They Can Mate All Year Round

Another interesting fact about pigeons is that their mating schedule can be variable. Pigeon mating generally depends on two factors: food availability and photoperiod. With this, especially favorable years can allow pigeons to mate all year round, whereas colder, more unforgiving years may restrict the times that a pigeon pair can mate. 

Likewise, individual species may also have preferences in terms of their mating schedules, with some being more likely to mate all year, and others more likely to mate during the spring and summertime (when resources are abundant). 

Pigeons Pioneered Genetic Breeding! 

Pigeons surprisingly have played a crucial role in our current understanding of genetics and selective breeding. Charles Darwin himself worked with pigeons in his early days of studying selection. He noticed that breeders like himself were able to create certain traits within pigeons by selecting breeding individuals with unique and desirable characteristics. After this discovery, Darwin began to apply it to what he saw in nature, which soon led to his theory of natural selection! 

In addition to the advancement of genetics as we know it, this breeding also created a slew of different pigeon morphs (or varieties), each with their own unique set of traits. As individuals were let out into the wild or escaped, they began to breed into wild populations. It is this added variation that is thought to be the cause of the different pigeon morphs you see in the wild! 

You May Never See a Baby Pigeon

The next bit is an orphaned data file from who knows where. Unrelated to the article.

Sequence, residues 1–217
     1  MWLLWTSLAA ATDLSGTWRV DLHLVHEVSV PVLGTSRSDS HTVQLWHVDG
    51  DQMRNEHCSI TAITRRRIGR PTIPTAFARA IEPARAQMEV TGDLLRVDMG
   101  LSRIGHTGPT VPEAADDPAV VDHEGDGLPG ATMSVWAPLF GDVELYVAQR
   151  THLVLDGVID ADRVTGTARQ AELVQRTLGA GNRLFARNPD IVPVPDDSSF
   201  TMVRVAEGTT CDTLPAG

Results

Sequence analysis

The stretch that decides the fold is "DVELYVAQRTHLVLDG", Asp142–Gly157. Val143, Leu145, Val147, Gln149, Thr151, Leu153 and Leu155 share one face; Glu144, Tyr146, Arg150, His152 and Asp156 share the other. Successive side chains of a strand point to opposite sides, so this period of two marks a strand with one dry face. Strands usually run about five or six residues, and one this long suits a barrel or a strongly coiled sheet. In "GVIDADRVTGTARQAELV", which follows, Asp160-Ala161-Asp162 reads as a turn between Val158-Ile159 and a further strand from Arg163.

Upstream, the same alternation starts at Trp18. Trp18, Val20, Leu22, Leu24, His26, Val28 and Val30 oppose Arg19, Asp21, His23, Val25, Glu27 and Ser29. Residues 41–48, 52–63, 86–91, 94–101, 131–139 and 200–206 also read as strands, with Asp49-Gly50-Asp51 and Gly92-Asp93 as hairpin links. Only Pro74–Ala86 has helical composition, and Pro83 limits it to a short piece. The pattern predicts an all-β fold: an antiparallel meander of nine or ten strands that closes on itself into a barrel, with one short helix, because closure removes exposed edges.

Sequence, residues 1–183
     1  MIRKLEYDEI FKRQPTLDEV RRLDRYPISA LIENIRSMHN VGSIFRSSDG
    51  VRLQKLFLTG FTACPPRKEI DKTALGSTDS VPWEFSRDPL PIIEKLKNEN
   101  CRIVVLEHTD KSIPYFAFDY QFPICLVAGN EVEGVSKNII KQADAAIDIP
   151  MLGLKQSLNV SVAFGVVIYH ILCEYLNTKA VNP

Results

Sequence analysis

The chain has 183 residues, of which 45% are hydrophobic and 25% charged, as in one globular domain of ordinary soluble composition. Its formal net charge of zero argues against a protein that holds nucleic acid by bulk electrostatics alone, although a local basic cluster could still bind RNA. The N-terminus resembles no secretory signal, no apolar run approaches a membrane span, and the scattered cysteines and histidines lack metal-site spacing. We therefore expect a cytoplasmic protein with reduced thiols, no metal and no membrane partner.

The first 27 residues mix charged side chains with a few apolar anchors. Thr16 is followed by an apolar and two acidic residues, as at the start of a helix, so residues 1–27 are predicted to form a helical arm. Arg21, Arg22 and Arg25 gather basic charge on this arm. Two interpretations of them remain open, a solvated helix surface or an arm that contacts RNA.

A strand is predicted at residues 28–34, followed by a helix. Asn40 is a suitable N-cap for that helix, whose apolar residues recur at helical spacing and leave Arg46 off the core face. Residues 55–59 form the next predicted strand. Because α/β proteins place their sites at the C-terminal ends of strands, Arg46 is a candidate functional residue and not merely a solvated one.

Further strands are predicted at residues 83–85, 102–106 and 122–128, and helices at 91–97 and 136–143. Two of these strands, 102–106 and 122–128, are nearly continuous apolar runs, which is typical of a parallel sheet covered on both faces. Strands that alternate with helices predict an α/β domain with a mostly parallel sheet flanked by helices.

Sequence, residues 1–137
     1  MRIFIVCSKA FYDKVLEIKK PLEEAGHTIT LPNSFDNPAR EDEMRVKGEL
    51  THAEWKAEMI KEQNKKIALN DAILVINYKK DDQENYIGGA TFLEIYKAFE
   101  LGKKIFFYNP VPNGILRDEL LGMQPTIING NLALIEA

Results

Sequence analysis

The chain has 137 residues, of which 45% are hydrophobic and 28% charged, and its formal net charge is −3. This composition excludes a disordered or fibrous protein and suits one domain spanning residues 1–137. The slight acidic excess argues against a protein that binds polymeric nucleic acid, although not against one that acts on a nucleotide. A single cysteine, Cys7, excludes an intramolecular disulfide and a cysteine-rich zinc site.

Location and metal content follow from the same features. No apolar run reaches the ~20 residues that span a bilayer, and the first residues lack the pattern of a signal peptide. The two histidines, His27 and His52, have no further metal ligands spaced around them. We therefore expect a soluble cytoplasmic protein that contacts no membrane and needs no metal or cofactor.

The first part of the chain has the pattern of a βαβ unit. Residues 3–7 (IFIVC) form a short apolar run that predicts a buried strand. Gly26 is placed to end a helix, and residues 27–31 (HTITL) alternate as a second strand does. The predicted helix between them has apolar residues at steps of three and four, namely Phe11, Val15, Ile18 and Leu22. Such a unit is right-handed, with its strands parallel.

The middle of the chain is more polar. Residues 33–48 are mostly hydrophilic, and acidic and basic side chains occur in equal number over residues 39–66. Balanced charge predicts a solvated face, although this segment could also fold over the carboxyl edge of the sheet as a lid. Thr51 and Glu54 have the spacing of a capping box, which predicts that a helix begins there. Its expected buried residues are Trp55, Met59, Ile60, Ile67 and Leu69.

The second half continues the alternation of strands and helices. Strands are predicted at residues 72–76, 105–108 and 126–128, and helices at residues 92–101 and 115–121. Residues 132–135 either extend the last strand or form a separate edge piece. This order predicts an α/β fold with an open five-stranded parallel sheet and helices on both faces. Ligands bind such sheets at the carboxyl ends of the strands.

A squab, the baby animal name for a pigeon

Birds that are born too undeveloped to survive on their own are known as altricial.


Baby pigeons are truly a rare sight to see in the wild, which is in part due to the parental involvement associated with their upbringing. As mentioned earlier, this heavy parental care is one of the reasons why pigeon adults mate for life.

After they hatch, baby pigeons look rather unsightly, with bright pink skin, large protruding eyes, and often sparse feathers. 

It is during this period right after birth that which both parents give their baby absolute loving care. Until they can fly, both of their parents will provide them protection, warmth, and most importantly, food! 

The babies will only leave the nest when they are fully developed and ready to fend for themselves. It is due to this that people often don’t see baby pigeons. 

Pigeons Have Fleshy Noses

You may have noticed that most pigeons have a weird growth on their nose that appears to be fleshy. Some people even say that it looks like a chewed piece of gum. 

Most pigeons have a piece of tissue known as the operculum that surrounds the opening of each nostril. It is generally fleshy, and can even have vascular capabilities. There are a few hypotheses for why these developed in pigeons, although the most common is that pigeons possibly use them to:

  • Warm and condition air before it enters their respiratory system.
  • Filter out large dust and particulates from entering the respiratory system. 

Pigeon Use in War 

One last fun fact about pigeons is that they have historically been used to send messages, some of which were used to send messages during both World War I and World War II! 

To simplify their directional capabilities, pigeons can keep track of where their home is from across the world! Thus, throughout history people have brought pigeons with them, sending them to fly back home with notes. In fact, a specific type of pigeon known as a “carrier pigeon” was primarily used to send messages. 

With this in mind, almost every major country that participated in World War I and World War II reported to have used carrier pigeons for a variety of purposes, ranging from reconnaissance to message sending!

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About the Author

Ryan Fisher studies biology at Pacific Lutheran University in Tacoma, Washington. His scientific interests are diverse, revolving around plants, animals, and fungi alike. In the future, he is planning on studying more botanical sciences, however he is extremely well-versed in select fields of zoology, such as entomology (the study of insects) and ornithology (the study of birds).